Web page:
Mr. Bryant: All that I want to talk about is the proposed communications Bill outlined in the Queen's Speech, to which no one has yet referred. It will be of great importance both to industry and to individuals in Wales. Initially it will set up Ofcom, and later it will deal with the communications industry throughout the whole of the United Kingdom. I realise that such a Bill may not be important to many people in the Committee, but broadcasting and new media will be one of the most significant drivers of the new economy for Wales in the future. We may need to pay swift and immediate attention to it. Furthermore, broadcasting and new media are absolutely essential to people's lives as citizens, as employees, and as consumers. We must ensure that Wales does not receive a second-rate deal. Unfortunately, it has received a poor deal in relation to all such issues until now.
As for the communications Bill, I hope that Wales will have more television choice in the future. One of the issues that was raised at every third doorstep I visited in the Rhondda during the general election campaign was that many people want to be able to watch both Channel 4 and SC4, and I hope that movements will be made in that direction. Whatever new system there may be for imposing quotas on the independent broadcasters, we must ensure that we have strong quality Welsh programming on Welsh television.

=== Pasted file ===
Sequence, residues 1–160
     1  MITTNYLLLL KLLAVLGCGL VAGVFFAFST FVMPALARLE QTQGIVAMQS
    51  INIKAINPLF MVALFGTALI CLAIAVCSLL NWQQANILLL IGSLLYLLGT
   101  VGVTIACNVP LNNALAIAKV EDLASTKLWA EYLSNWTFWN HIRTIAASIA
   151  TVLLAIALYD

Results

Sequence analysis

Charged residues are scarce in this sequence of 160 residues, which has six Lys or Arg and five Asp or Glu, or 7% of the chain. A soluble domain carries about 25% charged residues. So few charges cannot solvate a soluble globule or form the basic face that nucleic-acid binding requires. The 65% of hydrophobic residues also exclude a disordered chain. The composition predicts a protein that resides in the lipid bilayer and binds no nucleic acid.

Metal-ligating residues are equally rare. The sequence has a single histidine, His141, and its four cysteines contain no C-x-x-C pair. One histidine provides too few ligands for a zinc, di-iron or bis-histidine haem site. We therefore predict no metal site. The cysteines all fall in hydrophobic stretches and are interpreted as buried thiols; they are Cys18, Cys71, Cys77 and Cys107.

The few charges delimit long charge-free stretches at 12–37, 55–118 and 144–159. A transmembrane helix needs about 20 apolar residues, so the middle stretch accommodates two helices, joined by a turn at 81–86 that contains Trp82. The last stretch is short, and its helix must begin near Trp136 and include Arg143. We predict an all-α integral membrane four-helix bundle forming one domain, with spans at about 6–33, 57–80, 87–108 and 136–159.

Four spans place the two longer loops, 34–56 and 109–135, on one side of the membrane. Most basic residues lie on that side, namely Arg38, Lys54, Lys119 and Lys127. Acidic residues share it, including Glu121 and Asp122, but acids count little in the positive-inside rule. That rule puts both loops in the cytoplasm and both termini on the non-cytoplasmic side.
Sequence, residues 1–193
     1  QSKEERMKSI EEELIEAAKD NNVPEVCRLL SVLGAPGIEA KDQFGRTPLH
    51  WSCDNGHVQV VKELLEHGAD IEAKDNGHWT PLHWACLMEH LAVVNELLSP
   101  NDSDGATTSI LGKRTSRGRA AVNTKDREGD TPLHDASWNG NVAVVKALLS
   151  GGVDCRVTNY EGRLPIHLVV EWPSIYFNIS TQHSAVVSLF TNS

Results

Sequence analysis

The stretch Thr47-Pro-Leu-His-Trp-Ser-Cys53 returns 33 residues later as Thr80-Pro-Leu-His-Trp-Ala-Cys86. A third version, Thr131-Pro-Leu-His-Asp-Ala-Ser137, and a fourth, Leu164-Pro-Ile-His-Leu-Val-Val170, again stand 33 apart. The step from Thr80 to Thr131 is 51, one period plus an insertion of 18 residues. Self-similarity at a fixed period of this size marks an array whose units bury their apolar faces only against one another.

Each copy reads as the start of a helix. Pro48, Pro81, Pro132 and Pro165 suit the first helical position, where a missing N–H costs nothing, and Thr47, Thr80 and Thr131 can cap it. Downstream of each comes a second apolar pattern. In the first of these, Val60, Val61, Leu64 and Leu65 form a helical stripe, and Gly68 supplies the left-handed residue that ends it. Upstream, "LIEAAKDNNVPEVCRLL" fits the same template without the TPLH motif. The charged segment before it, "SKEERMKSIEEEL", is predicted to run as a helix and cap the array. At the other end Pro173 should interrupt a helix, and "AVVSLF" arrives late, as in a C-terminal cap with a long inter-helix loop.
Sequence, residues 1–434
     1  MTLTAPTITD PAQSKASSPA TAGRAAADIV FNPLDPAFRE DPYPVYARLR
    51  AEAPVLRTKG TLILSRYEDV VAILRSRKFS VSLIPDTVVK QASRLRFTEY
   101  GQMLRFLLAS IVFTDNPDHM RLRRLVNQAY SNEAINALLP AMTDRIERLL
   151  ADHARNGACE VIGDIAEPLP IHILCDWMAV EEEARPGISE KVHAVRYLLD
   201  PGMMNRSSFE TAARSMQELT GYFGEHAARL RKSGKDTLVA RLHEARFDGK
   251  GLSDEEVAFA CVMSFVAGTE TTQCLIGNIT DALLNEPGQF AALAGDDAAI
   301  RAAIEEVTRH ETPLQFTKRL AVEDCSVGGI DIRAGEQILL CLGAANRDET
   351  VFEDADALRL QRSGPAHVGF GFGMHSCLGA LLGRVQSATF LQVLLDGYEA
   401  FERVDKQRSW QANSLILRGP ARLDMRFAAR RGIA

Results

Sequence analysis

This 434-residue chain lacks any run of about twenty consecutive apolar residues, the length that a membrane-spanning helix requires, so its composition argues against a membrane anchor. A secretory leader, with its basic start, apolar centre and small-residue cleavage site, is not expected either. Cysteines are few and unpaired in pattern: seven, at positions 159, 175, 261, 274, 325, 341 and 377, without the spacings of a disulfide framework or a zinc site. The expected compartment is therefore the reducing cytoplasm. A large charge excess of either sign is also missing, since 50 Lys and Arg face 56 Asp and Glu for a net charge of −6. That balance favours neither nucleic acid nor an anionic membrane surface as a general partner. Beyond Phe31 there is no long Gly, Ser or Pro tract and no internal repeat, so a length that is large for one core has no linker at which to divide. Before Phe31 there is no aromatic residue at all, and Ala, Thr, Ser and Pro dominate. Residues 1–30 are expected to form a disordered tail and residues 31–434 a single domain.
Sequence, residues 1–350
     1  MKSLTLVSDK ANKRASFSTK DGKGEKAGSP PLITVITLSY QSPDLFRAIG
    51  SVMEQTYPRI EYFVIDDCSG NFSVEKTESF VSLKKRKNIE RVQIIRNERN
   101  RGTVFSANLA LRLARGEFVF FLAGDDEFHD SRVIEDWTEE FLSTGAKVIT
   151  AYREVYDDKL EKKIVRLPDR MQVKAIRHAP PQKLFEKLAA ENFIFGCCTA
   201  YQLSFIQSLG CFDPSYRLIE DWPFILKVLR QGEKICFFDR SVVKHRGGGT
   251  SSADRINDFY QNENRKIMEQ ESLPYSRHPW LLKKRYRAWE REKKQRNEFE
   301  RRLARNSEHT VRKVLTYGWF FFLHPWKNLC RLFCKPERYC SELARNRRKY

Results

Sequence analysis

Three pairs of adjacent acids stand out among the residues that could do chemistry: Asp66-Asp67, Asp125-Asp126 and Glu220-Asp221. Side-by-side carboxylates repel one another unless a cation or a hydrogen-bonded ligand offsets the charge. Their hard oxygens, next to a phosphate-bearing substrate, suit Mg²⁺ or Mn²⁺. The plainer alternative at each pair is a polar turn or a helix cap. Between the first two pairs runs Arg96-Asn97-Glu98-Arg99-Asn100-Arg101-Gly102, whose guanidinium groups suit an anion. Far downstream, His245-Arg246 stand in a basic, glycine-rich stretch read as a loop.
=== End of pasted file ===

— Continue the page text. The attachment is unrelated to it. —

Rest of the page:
We must also have in place the information technology structure throughout Wales that makes it possible for new businesses to proceed with their work. That is essential, unless we are to perpetrate further the digital divide that is already afflicting many parts of Wales.
I also want to ensure that cross-media ownership is dealt with robustly in the legislation that is presented to the House. In the Rhonda, Sky already has a virtual monopoly over digital television for anyone who wants to take a step forward.
Finally I should like to see in the communications Bill some resolution of the long-running debate between the BBC governors and other regulatory bodies. I note that the chairman of the BBC, who is at this very moment presenting the annual report, is also still the chairman of BT. That is no longer a viable position while BT in Wales is making significant investment decisions. I hope that there will be movement on that in the near future.